The meniscus is a cartilage inside the knee joint. It has semilunar (sickle)
shape and it's main purpose is to deepen the relatively flat surface of the upper end of
the shin bone. The meniscus distributes the force around the knee joint. Actually the
meniscus bears about 40% of the load transmitted through the knee joint. Also meniscus
adds some stability to the knee joint.
What is the meniscus and what does it do?
The meniscus acts like a gasket between the femur and the tibia to spread out the
weight being forces transferred from the thigh above to the leg below. The ability
of the meniscus to spread out the force on the joint surfaces as one walks is important
because it protects the articular cartilage from excessive wearing. Without the
meniscus, the concentration of force into a small area on the articular cartilage can
damage the surface, leading to degeneration, called osteoarthritis.
Also the meniscus helps with the stability of the knee joint. The meniscus
converts the tibial surface into a shallow socket. A socket is more stable
than a flat surface. Without the meniscus, the round femur would be able to slide on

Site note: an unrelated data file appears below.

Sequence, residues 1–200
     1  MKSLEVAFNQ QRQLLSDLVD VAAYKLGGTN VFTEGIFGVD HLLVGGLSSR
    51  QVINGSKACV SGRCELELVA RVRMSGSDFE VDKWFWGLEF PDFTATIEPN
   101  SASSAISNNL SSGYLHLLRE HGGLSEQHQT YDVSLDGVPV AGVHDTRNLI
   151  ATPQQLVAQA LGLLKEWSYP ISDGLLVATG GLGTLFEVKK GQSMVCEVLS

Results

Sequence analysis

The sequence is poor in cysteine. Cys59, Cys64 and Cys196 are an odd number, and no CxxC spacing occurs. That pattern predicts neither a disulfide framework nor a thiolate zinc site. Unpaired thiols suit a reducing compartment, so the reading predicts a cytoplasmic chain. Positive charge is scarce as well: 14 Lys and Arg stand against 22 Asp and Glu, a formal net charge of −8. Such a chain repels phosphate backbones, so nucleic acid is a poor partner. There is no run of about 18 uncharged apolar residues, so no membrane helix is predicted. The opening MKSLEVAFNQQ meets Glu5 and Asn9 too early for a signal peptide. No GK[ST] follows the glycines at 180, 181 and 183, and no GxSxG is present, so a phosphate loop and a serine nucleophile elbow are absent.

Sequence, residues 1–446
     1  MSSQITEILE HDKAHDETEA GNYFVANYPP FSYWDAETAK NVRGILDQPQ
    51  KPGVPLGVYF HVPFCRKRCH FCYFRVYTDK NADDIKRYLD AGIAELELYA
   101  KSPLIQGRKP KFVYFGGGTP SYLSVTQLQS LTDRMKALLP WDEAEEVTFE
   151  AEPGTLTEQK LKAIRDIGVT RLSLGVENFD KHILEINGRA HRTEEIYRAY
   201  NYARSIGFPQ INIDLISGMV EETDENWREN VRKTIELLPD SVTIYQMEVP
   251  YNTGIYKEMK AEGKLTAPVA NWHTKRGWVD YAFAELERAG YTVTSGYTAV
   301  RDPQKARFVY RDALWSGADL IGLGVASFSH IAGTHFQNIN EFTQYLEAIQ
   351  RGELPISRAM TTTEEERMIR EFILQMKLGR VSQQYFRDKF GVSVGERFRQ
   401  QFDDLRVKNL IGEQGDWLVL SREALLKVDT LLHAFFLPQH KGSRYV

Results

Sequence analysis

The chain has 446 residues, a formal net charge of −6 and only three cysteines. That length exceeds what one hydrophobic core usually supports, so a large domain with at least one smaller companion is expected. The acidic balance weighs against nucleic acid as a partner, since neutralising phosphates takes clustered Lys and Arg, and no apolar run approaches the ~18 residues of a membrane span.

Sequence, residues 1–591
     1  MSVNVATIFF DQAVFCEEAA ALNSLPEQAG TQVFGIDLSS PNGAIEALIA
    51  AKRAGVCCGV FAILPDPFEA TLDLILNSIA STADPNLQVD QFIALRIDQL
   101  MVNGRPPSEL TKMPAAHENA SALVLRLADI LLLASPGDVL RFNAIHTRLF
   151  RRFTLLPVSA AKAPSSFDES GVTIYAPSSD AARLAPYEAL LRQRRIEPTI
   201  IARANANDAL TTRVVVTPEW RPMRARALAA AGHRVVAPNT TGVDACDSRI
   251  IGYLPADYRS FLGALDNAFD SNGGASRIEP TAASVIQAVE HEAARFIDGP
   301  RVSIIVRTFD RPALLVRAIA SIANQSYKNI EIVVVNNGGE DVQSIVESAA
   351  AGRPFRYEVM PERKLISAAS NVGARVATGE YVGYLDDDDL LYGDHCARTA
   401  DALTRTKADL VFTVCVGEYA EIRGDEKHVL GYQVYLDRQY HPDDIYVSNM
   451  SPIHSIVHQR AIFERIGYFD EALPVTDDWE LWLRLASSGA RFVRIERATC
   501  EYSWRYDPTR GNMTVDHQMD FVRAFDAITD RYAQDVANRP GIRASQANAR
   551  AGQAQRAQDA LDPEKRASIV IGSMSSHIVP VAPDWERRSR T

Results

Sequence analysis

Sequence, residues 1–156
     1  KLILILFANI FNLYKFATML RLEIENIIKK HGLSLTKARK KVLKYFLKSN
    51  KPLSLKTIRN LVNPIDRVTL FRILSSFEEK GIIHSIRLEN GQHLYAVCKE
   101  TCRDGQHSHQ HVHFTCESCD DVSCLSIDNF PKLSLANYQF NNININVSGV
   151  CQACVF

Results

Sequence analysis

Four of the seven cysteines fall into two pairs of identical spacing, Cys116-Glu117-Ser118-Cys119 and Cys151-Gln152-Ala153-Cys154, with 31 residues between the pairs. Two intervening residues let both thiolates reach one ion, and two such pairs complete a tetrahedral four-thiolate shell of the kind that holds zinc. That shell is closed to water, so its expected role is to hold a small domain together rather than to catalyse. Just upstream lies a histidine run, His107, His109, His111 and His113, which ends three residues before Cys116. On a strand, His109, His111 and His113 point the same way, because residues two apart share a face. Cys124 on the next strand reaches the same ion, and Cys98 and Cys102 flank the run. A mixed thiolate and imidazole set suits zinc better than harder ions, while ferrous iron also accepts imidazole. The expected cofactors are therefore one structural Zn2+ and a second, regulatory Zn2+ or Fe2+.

top of the flat tibial surface.
The meniscus can be torn in several ways. The entire inner rim of the medial
(inner) meniscus can be torn in what is called a bucket handle tear. The meniscus
can also have a flap torn from the inner rim, or the tear can be a degenerative tear where
a portion of the meniscus is frayed and torn in multiple directions.
How does the meniscus cause problems in the knee?
Meniscus injuries can occur in any age group, but the causes are somewhat different for
each age group. In younger people, the meniscus is a fairly tough and rubbery
structure. Tears in the meniscus in patients under the age of thirty usually occur
as a result of a fairly forceful twisting injury. In the younger age group, meniscal
tears are more likely to be caused by a sport activity.
In older people, the meniscus grows weaker with age. The tissue that makes up the
meniscus becomes degenerative and is much easier to tear. Meniscal tears in the
older age group occur as a result of a fairly minor injury, even from the up and down